In the office environment, timing is everything whether it is a transfer, promotion or raise. Knowing when, and more importantly, how to ask for a raise can make the difference between a gratifying yes and a devastating negative. With so few companies offering annual raises, it sometimes becomes necessary to take matters into your own hand when it comes to increasing your pay.
The first step to asking for a raise is understanding the companyís current economic environment. For example, asking for a raise when the company just cut departmental budgets or has suffered major financial setbacks is not the ideal time to ask for additional compensation. If there are no major negative financial issues on the immediate horizon, consider moving forward with the plan.
Know your net worth. Not in terms of money in your bank account, but rather your value to the organization. This means a detailed listing of dollars saved, projects which had a successful impact on the bottom line. Knowing your worth, however, is not limited to the impact you have had on the company, though it plays a major part. Knowing your worth also means to be aware of what other companies are paying employees in similar position, both locally and nationwide. This information is not, however, to be used as a resignation threat.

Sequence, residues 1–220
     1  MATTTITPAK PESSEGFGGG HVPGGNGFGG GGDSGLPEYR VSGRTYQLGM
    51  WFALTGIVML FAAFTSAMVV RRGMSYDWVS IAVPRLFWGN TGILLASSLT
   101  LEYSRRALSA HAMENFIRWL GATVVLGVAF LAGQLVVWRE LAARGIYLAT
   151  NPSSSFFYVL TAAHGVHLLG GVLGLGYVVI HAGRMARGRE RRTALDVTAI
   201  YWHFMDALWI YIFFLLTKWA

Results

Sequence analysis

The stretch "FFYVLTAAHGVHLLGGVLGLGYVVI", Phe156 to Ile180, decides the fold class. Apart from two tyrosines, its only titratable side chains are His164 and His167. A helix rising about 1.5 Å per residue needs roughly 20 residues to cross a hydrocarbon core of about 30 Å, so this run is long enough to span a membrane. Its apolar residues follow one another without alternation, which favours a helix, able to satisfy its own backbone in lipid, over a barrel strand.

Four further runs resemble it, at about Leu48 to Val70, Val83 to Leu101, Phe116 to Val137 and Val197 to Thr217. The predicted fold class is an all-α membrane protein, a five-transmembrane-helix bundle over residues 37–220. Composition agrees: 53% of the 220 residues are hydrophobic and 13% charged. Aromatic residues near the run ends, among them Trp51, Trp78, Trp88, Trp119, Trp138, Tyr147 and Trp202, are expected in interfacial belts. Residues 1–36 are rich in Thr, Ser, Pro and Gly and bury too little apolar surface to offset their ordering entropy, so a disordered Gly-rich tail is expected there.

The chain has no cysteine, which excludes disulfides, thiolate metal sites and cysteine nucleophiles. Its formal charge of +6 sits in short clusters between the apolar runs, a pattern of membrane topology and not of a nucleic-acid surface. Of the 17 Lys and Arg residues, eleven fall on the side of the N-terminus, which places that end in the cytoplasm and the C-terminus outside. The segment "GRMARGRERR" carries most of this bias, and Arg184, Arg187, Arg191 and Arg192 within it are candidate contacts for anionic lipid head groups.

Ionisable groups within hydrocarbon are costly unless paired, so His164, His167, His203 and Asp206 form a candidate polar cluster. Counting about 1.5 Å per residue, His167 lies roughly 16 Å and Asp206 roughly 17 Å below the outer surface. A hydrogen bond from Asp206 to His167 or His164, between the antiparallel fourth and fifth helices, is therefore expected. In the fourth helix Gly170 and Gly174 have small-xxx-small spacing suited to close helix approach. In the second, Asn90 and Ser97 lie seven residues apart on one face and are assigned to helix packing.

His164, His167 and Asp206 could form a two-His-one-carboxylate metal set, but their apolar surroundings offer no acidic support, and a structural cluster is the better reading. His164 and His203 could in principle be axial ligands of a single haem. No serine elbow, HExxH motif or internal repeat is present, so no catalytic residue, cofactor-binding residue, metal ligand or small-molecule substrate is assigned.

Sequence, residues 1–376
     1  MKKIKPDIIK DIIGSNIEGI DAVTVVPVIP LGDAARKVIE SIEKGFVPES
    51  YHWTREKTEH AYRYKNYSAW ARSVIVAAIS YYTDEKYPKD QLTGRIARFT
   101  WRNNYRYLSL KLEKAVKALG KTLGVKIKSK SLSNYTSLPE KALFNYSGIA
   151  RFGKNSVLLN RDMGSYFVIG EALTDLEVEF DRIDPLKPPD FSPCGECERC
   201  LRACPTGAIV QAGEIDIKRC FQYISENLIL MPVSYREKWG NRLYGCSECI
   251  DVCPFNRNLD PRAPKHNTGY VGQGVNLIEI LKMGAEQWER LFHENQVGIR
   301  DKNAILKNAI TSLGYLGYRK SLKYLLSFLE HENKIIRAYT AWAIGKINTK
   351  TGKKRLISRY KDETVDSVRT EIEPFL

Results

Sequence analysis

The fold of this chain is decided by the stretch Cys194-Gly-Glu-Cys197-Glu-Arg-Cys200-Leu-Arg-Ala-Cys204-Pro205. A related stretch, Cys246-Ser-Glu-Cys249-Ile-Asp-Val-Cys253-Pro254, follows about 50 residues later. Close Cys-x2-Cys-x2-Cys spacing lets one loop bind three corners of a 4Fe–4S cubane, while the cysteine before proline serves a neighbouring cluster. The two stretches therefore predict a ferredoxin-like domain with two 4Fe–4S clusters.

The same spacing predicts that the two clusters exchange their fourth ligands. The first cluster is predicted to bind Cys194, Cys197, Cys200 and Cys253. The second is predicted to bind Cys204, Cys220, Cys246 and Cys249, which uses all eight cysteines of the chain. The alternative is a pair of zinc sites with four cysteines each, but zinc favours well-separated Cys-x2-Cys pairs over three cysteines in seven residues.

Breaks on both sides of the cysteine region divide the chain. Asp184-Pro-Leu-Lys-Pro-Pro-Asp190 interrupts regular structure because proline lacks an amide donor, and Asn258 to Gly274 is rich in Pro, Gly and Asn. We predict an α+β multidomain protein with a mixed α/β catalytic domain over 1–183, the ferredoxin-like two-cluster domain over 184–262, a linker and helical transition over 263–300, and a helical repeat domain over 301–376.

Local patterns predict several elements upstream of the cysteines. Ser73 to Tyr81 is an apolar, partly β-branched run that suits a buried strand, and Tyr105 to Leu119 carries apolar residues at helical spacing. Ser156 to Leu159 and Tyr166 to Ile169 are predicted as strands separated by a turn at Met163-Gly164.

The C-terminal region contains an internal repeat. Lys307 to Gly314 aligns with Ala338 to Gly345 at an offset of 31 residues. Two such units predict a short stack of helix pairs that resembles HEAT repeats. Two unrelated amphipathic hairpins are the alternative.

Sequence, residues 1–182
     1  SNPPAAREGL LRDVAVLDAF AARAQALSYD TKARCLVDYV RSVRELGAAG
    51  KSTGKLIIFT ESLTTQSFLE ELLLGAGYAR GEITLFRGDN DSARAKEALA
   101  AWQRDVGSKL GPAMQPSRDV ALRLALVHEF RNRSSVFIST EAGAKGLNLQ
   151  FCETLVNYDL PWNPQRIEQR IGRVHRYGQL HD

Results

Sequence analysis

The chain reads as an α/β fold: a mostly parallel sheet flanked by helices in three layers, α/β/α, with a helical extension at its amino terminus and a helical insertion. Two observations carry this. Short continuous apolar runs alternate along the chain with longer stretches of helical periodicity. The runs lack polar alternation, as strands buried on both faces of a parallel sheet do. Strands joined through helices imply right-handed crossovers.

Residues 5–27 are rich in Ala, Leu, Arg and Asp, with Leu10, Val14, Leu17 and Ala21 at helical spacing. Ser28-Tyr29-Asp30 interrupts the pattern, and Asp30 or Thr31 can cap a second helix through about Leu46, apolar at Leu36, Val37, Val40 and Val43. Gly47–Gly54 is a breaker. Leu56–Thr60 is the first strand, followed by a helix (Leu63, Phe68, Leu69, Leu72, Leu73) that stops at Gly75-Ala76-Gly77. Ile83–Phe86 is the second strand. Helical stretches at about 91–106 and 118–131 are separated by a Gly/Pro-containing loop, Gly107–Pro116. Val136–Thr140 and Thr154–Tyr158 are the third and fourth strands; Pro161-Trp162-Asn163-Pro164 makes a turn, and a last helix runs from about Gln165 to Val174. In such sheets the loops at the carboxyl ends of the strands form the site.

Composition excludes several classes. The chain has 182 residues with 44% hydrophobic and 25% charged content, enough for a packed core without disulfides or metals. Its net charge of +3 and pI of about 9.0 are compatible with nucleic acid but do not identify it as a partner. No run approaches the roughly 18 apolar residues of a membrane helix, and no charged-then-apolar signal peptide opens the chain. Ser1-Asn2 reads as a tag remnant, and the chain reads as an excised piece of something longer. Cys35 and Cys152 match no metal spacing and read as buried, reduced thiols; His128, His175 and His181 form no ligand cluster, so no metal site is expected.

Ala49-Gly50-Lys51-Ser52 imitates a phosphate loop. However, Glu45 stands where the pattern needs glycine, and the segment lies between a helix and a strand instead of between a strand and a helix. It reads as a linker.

Have your plans mapped out for the future. Are there major projects in the works for your department? Do you know your role in completing those projects? Have a game plan on how you plan to make a positive impact on helping the organization grow and prosper. While itís good to think out of the box, make sure the ideas are not so farfetched that they could not possibly come to fruition.
Keep any attitude or sense of entitlement out of the meeting. Donít approach the meeting in self righteous indignation that your salary is absolutely unacceptable. Remember that no one in the organizational is indispensable, including you. Approach the meeting in a friendly, professional business frame of mind.
Business is business. If the answer is no, you may have the opportunity to appeal. If the answer is a firm no, the best you can do is to accept the answer. Pouting, whining or talking bad about your supervisor is not the way to secure continued success or future increases or promotions. The decision is a business one and should not be taken personally.